Given the volatile situation in the country, today’s cricket victory should give Pakistanis something to smile about. After defeating the tournament favorites South Africa in the first World Twenty20 semi-final, Pakistan will move on to play either Sri Lanka or the West Indies in the final Sunday. Team captain Younus Khan told reporters after the game, “We are slow starters, we arrived late, didn’t have a lot of practice sessions so there was no pressure on us – but suddenly we are in a good position.” He, along with many people, gave credit to Shahid Afridi, who hit 51 runs, took 2-16 [bowling], and was subsequently awarded man-of-the-match. BBC quoted Afridi as saying, “The captain and the coach [Intikhab Alam] really gave me a good confidence. I asked them to send me in as number three and after that I enjoyed my batting. In the semi-final you don’t have any more chances – this is good for Pakistani cricket.”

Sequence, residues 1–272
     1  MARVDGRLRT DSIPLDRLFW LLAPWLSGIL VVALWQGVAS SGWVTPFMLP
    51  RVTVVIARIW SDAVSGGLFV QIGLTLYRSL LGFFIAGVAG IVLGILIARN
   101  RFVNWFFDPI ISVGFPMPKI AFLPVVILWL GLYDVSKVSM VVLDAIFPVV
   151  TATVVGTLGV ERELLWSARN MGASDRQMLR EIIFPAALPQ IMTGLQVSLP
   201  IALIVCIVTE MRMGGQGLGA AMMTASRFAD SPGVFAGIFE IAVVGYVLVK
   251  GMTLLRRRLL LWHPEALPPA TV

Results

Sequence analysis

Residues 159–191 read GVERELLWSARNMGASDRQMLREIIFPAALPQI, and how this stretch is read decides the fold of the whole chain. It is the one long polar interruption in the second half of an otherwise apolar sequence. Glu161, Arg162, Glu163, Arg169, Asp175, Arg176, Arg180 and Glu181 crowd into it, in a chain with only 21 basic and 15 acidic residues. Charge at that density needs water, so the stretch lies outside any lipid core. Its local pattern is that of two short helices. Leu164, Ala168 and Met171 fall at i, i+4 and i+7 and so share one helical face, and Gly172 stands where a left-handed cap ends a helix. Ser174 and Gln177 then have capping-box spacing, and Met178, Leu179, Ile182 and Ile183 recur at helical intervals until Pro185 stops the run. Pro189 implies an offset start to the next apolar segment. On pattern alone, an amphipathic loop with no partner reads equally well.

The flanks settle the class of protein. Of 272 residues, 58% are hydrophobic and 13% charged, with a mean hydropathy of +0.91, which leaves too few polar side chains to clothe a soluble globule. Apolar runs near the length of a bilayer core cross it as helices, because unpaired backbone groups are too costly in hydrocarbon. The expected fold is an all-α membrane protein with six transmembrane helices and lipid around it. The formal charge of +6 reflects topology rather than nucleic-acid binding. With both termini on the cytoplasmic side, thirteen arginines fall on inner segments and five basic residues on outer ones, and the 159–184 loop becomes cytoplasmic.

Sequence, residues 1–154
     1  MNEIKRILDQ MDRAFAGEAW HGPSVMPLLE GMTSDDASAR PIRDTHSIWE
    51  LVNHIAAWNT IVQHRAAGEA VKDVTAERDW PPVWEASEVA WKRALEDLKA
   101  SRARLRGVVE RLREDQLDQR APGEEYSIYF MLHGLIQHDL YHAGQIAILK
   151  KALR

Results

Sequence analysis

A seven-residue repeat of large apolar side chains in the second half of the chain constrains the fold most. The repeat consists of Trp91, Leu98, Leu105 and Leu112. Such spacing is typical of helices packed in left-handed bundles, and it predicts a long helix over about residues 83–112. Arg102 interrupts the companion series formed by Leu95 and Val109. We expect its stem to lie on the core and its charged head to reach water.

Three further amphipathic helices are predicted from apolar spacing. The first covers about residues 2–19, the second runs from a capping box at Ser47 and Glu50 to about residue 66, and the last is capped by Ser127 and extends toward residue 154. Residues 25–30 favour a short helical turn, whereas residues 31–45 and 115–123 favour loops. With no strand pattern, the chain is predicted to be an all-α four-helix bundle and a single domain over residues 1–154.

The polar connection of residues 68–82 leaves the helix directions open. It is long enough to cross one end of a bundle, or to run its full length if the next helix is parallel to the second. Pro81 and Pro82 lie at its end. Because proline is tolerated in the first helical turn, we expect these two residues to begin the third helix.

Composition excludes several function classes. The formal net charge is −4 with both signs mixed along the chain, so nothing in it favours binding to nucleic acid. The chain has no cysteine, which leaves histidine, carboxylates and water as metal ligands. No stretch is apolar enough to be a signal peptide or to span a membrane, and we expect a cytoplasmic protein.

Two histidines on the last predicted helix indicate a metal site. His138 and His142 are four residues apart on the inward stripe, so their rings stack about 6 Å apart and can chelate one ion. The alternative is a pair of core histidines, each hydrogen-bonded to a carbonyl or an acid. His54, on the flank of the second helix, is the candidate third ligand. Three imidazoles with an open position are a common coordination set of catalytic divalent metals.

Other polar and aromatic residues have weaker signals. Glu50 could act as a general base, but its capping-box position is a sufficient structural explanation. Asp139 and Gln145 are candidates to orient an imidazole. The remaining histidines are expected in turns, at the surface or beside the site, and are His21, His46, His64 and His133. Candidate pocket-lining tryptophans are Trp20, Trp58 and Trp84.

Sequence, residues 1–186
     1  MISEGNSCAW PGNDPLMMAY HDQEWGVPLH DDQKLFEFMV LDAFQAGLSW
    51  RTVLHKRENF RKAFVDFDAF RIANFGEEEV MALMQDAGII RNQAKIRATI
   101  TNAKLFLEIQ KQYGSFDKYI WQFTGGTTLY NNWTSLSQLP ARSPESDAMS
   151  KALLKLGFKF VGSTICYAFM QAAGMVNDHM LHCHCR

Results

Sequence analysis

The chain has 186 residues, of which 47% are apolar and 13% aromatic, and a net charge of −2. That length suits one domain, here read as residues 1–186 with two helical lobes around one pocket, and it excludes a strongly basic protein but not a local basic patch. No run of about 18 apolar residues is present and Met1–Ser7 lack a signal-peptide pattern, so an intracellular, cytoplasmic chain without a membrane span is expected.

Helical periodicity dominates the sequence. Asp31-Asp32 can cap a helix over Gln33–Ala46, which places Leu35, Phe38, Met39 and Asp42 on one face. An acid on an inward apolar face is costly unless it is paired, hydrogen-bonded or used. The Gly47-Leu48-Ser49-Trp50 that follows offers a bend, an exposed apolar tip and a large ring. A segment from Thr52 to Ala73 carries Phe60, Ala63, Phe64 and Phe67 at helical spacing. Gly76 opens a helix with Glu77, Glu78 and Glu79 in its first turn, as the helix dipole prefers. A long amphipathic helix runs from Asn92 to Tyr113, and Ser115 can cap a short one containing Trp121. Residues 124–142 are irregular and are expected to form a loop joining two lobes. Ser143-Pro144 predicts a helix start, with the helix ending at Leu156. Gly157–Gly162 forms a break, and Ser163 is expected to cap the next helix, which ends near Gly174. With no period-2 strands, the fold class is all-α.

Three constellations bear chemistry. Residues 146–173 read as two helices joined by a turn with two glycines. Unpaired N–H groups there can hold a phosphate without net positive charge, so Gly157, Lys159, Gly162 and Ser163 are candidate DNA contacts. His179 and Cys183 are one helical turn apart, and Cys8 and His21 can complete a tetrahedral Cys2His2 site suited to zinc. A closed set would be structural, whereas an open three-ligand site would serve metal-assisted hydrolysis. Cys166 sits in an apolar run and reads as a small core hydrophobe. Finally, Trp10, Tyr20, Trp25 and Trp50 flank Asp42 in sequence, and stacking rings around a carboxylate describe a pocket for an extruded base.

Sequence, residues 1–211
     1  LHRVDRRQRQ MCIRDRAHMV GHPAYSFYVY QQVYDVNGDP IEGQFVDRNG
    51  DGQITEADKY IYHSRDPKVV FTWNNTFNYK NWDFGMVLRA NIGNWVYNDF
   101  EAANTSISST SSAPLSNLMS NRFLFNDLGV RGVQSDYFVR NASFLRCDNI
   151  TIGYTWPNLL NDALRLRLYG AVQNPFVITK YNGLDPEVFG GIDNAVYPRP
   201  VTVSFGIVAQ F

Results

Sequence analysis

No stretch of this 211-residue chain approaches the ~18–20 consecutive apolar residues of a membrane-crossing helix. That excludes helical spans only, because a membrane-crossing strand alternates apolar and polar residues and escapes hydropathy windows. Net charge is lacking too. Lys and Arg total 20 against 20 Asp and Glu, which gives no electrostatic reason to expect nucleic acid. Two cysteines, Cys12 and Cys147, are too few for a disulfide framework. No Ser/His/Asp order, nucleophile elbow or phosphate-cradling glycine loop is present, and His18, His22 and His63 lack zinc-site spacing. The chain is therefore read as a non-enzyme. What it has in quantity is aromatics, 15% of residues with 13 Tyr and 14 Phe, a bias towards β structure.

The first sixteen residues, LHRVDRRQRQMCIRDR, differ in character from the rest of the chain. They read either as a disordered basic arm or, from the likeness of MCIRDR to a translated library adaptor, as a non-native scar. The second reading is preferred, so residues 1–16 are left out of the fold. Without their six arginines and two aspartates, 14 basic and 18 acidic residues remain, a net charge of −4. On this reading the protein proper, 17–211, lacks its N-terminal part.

This is what the Guardian had to say about Afridi’s performance today:
Afridi’s promotion to No. 3 was Pakistan’s wild card, and his 51 from 34 balls justified it. It has never been possible to ascribe logic to an Afridi innings. There is none. Even before the advent of Twenty20, no matter how serious the circumstances, he was thoroughly recalcitrant. He only averages 15 in 41 Twenty20 matches, and he started scratchily, barely looking at the bowler’s approach initially. But he is a perpetual menace, occasionally contained but never controlled. From the depths of his memory, he summoned what his former coach Geoff Lawson concluded was his ‘best innings for two years.’
It is incredible how sports can unify a country and ignite the national spirit. I am always proud to be Pakistani, but was especially proud today, [a feeling echoed by Pakistanis at home and around the world]. So, it’s been a good day. Pakistan Zindabad, and good luck to our team in the final!